The Archdiocese of Lahore is a major Catholic Church territory in Punjab province and the oldest diocese in the country.
Punjabi is the main language spoken. But a sizeable number of people speaks Urdu and English.
The first Roman Catholic chapel was constructed in Lahore in 1597 during Mughal Emperor Akbar. On the account of the letters received at Goa Christian Society by the Priests of Jesuit Christian Missions in 1595, Emperor Akbar had promised Jesuit Christian Priests the erection of the church.
Following the Emperor's invitation, three separate Christian Jesuit Missions were sent off to Lahore by the Goa authorities. The first mission comprising of three Christian priests stayed for three years till 1583 at the Court of Akbar. In 1592, on Emperor's urgent request, the second mission was sent which remained at Akbar's court for two years. The last mission arrived in Lahore in 1595 and became a permanent institution.
However, churches only began to be established in Lahore after advent of the British in 1840. The Catholic population of Lahore at that time was composed of the Europeans, mostly Portuguese, and the Armenians. They were mostly chaplains, members of the East India company and British soldiers. Portuguese at that time had occupied three colonies on the sub continent, including Goa.
Lahore was erected as the Vicariate Apostolic of Punjab in 1880 from Apostolic Vicariate of Agra. Belgian Capuchin prelates headed Lahore diocese from its erection in 1886 until 1975.
Often called "grandmother diocese" for the entire Punjab province, its boundaries underwent several changes during the later years thus giving birth to Islamabad Rawalpindi diocese and Multan diocese. The diocese of Faisalabad was created from Multan diocese.
On April 23, 1994, Lahore became an Archdiocese. Lahore is also Pakistan's second-largest city. Often referred to as the cultural heart of the country, it is the center of Pakistani arts, films and intelligentsia.
The territory is under an atypical version of a humid subtropical climate with long and extremely hot summers, dry and relatively mild winters, a monsoon and dust storms. Temperature ranges from 48 degrees Celsius in summer to minus 1 degrees Celsius in winters.
In a land area of around 23,069 square kilometers, the archdiocese covers the districts of Kasur, Sheikhupura, Nankana-Sahib, Gujranwala, Sialkot, Narowal and Hafizabad.
Gonsalo's martyrdom at Nagasaki with the other Christian missionaries is regarded as the most tragic and historic event for Catholicism in Japan
Calungsod and his companion Father Vitores baptized infants, children and adults, defying the risk of persecution and murder
Despite being an ordinary layman, Ruiz remained defiant while facing torture by the Japanese and died a brave martyr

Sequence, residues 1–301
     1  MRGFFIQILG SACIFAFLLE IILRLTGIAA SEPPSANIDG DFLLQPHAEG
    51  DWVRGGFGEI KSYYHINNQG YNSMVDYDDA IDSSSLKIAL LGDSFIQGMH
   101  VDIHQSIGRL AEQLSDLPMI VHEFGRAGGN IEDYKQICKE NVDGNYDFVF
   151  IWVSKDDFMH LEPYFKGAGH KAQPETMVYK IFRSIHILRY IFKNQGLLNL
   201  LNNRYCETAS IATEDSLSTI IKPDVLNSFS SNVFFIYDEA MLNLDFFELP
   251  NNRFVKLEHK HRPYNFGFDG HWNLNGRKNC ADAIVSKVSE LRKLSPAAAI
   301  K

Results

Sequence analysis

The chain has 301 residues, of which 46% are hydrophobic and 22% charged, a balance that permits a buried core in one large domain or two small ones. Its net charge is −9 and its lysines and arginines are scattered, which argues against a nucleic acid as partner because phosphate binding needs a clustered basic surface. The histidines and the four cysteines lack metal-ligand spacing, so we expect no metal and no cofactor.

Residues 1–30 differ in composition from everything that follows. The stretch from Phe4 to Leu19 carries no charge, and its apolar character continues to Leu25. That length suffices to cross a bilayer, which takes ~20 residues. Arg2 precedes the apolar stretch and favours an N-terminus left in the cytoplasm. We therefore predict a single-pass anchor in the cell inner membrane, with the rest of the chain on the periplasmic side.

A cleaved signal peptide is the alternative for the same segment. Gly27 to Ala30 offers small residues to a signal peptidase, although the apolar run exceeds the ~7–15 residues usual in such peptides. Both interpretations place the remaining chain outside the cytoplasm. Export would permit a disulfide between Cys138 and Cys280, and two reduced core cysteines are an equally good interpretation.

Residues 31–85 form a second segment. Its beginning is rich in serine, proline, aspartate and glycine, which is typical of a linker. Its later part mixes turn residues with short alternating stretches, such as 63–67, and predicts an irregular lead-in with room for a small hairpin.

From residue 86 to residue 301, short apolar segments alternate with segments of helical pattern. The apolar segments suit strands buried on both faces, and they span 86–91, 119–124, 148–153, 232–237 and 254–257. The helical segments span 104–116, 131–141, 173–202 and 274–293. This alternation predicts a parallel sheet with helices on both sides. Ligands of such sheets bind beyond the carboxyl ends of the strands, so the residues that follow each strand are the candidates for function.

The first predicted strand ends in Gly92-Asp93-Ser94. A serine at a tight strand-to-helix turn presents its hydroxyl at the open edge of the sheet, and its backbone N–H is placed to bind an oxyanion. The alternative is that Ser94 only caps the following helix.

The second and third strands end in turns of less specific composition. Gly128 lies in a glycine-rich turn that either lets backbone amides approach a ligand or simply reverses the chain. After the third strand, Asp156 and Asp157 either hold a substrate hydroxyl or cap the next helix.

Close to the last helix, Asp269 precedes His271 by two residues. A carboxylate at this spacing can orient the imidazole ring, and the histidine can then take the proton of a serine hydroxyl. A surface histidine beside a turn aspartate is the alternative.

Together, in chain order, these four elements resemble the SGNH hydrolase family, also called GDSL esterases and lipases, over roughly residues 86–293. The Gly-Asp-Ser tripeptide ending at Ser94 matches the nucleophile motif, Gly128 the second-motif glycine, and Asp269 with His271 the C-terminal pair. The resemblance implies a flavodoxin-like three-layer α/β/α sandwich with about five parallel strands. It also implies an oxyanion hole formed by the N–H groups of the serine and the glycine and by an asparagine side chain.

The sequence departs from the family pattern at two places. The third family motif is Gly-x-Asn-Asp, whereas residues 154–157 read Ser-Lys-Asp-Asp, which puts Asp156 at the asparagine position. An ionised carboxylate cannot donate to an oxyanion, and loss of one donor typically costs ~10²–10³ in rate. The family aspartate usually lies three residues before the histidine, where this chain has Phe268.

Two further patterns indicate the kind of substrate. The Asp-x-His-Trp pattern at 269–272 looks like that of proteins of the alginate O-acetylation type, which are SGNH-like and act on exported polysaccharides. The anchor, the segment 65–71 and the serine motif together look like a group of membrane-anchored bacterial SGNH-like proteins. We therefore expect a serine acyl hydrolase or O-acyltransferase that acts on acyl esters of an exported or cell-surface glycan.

He was the first Korean-born Catholic priest and is now the patron saint of Korea
This fabled church is also known by its Syriac name Mar Sleeva (Holy Cross) Church
Asian Catholics who cannot visit famous Our Lady of Lourdes shrine in France can revere miraculous Mother Mary at Velankanni shrine in India. The Basilica of Our Lady of Good Health is popularly known as “the Lourdes of the East” and holds the largest Catholic Church in Asia.
Santa Cruz Cathedral Basilica at Fort Kochi is one of the finest churches and a historic but also a landmark in Kerala state of southern India. Santa Cruz Church blends Indo-European and Gothic architectural style that draws tens of thousands of pilgrims and tourists every year. The cathedral is a great place of devotion and historic significance that survived colonial conquests and invasions to the city.
Mokama Marian shrine on the southern bank of Ganges River bears the legacy persecuted Nepali Catholics banished from their homeland to India for refusing to renounce their faith. Our Lady of Divine Grace Church at Mokama stands about 90 kilometers from Patna, the capital of eastern Indian state of Bihar. Mother Mary is popularly known as Mokama Mata (Mother of Mokama). The church was built to honor Mary in 1947.
The shrine holds a three-meter-tall, white-stone carved statue Virgin Mary on the Tao Pao Mountain in the Diocese of Phan Thiet in southern Vietnam, about 1,600 kilometers from the national capital Hanoi.
The Immaculate Conception Cathedral in Urakami of Nagasaki is a witness of persecution of Christians from 17th to 19th centuries and deadly atomic bombing during the Second World War. This European-style, red-brick church continues to preserve some relics that survived the atomic bombing. Urakami cathedral, also known as St. Mary’s Cathedral, was almost destroyed when the atomic bomb was dropped on Aug. 9, 1945. The church stood about 500 meters from the hypocenter of atomic explosion. The devastation shattered and charred stone-made statues of saints, which were later preserved as relics along with the surviving head of Virgin Mary statue and one of the church’s original bells.
Our Lady of Akita Catholic Church is Yuzawadai is among the most famous churches in Japan. The church shot into global fame thanks to a wooden statue of Blessed Virgin Mary that wept 101 times and Marian apparitions to Japanese nun Sister Agnes Katsuko Sasagawa that miraculously healed her hearing impairment. Japanese wooden sculptor Saburo Wakasa from Akita city carved the now-famous miraculous statue of Virgin Mary in 1963.
The Church of Our Lady of Immaculate Conception in Seria is a small church on the western Belait district of Brunei, but it shot into fame thanks to the nation’s most famous Catholic – late Cardinal Cornelius Sim. It is also the second of three churches in Brunei dedicated to Virgin Mary. In fact, Mary has a prominent place not only in Christianity, but also in Islam, the dominant faith in Brunei. Holy Quran mentions Mary seventy times and reveres her as the greatest woman to have ever lived.